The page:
Fuel price remains the top topic of interest with the folks whom I have been talking to. Here is some data that I've been able to pull on the subject:
Both of the above charts were pulled from IATA's website: https://www.iata.org/en/publications/economics/fuel-monitor/
Comparing the two charts above, you'll see that the average price (at the terminal) for JetFuel in North America increased by 21 cents over the two reports (April 1st and April 29th). This is a much smaller increase than we saw in March, but it is hard to say whether the worst is behind us yet or not. If countries in the EU ban imports of Russian oil, which is being heavily debated right now, that is likely to drive prices higher than we are seeing today. At least we are seeing some settling in the rate of increase.
As I have mentioned in prior updates, there is a lag between increases in the Jet-A price at a terminal and when we see it at the FBO, due to the time it takes FBO's to move through their inventory. At this point, even most smaller locations have taken fuel at much steeper rates and are reflecting those in their posted prices.
Over the past couple of weeks, the average posted retail price for Jet A has risen to $6.47/gal with prices in New England now showing an average of $8.12/gal according to AirNav. This compares with $5.12/gal Nationally and $5.56/gal for New England on February 21st of this year. For the Northeast, that jump equates to a 46% increase with a 26% increase nationwide. Taking a quick look at prices using ForeFlight, JFK currently has the highest fuel price I could find, at $14.78/gal.
Shifting our focus to flight volumes, they remain strong, despite turbulence in global events, the increase in fuel price, and the operational challenges facing the industry. As you can see below, for the cohort of charter aircraft that we track, flight volume was up 20,000 hours relative to April 2021, which represents a 14% increase YoY. This is actually an improvement over March where the increase YoY was 9.5% (14,595 hours). That said, the total hours for April were below March due to seasonality.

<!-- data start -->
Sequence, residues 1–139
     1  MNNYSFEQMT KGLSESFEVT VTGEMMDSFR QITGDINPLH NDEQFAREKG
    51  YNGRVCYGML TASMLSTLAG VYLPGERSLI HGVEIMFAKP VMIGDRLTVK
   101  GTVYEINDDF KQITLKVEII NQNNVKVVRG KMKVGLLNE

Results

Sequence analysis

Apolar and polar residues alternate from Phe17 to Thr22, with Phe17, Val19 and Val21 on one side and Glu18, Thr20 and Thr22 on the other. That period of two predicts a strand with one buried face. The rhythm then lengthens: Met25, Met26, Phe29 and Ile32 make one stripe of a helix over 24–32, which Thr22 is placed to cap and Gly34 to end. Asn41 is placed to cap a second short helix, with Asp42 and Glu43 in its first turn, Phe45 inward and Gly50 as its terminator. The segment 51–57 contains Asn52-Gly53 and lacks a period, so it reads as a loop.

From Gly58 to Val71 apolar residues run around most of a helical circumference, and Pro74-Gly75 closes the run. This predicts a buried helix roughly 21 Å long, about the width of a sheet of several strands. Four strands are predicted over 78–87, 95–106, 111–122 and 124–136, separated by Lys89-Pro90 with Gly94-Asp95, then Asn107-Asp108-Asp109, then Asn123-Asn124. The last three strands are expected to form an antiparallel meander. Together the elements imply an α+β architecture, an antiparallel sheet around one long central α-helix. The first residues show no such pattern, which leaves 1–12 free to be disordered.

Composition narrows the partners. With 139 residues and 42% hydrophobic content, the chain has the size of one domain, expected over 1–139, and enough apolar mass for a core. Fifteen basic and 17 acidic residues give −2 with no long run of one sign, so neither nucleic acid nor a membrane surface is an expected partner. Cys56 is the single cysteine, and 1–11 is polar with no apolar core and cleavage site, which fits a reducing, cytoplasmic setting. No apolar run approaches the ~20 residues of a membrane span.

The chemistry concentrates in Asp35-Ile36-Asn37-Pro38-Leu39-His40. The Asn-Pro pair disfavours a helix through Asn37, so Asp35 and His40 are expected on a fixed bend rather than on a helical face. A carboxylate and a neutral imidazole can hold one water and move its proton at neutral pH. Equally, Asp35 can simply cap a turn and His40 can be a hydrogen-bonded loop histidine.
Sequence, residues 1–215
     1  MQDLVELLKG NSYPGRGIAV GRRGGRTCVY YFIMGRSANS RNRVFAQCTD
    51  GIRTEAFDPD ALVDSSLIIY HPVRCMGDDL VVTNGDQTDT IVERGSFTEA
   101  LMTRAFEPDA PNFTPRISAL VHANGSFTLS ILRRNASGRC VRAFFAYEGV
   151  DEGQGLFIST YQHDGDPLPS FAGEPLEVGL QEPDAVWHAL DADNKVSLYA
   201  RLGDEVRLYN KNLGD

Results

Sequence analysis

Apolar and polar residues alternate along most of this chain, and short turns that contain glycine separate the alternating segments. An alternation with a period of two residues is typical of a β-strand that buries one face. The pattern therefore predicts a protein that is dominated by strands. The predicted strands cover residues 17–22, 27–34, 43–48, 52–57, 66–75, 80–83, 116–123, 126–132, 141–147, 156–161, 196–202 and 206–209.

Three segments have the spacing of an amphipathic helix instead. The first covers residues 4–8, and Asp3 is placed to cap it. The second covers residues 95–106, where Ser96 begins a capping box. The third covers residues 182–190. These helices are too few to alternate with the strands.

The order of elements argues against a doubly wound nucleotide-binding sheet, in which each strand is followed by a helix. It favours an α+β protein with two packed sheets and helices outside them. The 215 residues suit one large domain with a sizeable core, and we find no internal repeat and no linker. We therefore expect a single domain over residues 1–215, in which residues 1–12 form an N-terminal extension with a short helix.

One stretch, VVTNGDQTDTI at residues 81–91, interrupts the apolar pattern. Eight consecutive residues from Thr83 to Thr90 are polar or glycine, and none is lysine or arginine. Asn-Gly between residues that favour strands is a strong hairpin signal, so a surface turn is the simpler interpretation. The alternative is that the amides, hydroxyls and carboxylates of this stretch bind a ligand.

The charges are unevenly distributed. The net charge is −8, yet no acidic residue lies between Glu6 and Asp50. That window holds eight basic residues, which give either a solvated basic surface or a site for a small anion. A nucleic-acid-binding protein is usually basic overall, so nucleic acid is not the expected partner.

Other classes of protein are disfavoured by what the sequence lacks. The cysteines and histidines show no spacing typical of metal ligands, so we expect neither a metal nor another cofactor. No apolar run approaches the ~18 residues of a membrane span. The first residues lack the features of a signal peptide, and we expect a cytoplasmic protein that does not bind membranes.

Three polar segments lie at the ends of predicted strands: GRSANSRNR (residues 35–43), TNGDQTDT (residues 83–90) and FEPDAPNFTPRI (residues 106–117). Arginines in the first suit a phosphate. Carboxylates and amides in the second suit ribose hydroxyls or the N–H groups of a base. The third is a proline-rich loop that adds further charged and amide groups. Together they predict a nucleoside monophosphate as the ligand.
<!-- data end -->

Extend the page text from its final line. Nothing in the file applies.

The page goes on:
The Part 91 volume is following the same overall pattern, albeit at the higher YoY growth rate (about double the charter growth rate) that we have been seeing throughout 2022.
The busiest day of the past month was April 14th, the Thursday prior to the Easter Holiday, though some airports saw more traffic on the Monday after the Holiday. Teterboro (not surprisingly) saw the most traffic with 632 aircraft operations on the 14th, while Van Nuys peaked at 312 operations on Monday the 18th.
White Plains actually peaked last Thursday the 28th with 378 operations. It just goes to show that the peak travel patterns even vary within a market.
For those of you who enjoy the occasional picture from my personal flying adventures, see if you can tell me what airport this is from (Jen, I bet you guess it correctly):
For those who wish to join the call to see the breakdown by size class, the top 50 O/D pairs, and 50+ other airports, I'll talk to you at 3:00pm!